All Roads Lead To Research with UDOT Executive Director Carlos Braceras
Carlos M. Braceras is the executive director of the Utah Department of Transportation (UDOT), responsible for UDOT’s more than 1,700 employees and the design, construction, and maintenance of Utah’s 6,000-mile system of roads and highways. After moving to Utah in 1980, he fell in love with the mountains and its people. Braceras and his wife enjoy spending time in the outdoors doing activities such as skiing, bicycling, golfing, camping, windsurfing and sailing on the Great Salt Lake. He was named the “1998 State of Utah Governor’s Manager of the Year” and was the 1998 recipient of the “UDOT Leader of the Year” Award.
UDOT works hard to approach the growing pains of Utah, especially its’ urban areas. Did you know Utah is the 8th most urbanized state in this country, with 90% of its residents living in urban areas? No wonder there is congestions on your way to work. Last month, we sat down with USU researcher Dr. Patrick Singleton as he painted a picture of what the transportation industry might look like after the COVID-19 pandemic died down. In this episode Wyatt sits down with Carlos Braceras, the executive director of Utah Department of Transportation, and dives in deeper, talking about Utah’s unique landscape, weather pattern, and urban issues UDOT deals with, along with the solutions to create greater mobility through mass transit and active transportation. We also dive into the key role USU students play in UDOT, a new way to build freeways, and a little known ferry system in Southern Utah.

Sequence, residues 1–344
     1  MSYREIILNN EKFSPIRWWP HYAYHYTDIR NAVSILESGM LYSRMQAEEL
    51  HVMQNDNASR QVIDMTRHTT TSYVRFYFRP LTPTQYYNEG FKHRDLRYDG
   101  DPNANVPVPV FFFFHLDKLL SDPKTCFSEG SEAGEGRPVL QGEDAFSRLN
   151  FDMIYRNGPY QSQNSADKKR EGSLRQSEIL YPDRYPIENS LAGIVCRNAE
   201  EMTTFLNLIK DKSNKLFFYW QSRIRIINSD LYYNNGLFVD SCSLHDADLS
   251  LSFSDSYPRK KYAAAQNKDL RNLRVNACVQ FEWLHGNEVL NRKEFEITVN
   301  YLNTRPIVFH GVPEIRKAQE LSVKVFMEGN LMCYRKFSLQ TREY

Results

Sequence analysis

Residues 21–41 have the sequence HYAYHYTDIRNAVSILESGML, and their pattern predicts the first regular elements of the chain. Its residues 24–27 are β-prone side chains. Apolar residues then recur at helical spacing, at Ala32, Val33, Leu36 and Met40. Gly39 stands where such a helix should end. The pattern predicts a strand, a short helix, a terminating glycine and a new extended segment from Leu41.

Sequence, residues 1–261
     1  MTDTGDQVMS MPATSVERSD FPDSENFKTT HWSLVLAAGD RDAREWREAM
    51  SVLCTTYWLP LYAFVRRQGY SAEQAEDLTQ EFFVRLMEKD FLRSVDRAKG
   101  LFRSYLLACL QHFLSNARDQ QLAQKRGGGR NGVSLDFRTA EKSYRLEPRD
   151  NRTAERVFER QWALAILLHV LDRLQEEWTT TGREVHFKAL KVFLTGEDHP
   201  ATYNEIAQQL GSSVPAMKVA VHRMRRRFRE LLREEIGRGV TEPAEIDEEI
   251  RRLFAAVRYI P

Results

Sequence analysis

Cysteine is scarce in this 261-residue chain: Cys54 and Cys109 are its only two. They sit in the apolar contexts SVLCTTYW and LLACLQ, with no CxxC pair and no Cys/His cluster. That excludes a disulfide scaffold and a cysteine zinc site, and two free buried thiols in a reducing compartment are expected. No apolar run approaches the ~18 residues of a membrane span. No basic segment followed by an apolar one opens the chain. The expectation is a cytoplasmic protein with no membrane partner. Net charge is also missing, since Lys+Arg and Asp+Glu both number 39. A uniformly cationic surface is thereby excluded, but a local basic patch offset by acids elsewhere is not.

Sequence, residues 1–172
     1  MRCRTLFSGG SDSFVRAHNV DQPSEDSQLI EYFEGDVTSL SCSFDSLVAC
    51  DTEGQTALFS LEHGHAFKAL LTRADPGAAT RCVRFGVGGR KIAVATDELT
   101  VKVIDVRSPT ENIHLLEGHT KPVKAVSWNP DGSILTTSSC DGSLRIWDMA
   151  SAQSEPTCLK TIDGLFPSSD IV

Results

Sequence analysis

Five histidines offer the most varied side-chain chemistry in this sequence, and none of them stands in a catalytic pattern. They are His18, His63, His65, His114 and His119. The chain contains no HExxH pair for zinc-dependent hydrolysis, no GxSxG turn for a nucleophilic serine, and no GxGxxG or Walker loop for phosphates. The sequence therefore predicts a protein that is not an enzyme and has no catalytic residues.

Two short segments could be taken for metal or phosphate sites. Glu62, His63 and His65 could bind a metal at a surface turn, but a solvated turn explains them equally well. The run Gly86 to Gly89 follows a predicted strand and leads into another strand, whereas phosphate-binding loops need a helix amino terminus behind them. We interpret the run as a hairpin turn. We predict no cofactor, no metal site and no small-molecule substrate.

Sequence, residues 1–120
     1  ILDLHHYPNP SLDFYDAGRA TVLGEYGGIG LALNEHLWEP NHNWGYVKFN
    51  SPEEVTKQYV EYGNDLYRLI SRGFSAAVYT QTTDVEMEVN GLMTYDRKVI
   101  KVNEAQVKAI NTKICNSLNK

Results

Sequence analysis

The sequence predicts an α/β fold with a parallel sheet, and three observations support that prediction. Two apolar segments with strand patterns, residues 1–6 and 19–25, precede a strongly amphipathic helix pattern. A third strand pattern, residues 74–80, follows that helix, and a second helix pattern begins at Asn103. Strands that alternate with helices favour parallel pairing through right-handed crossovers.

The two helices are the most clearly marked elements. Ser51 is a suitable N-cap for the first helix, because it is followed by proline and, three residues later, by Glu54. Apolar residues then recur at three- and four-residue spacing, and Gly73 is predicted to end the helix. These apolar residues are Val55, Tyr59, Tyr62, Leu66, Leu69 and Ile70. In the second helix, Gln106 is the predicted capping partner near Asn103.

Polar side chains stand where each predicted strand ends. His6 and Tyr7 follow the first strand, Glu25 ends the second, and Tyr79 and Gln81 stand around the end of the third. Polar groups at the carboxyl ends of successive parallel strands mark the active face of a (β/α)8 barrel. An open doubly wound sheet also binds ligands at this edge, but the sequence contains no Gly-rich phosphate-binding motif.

Since most people live in urban areas, the solutions are catered towards that population. What does that mean? active transportation such as walking paths and biking lanes, and ways for mass transportation such as more light rails. This also means unique technological solutions for roads, such as syncing lights to snowplows and the bus system, which allows drivers to seamlessly get from one location to the other, without realizing the hands UDOT played into their commute.
What does the future look like? tune in and hear the discussions on Instead.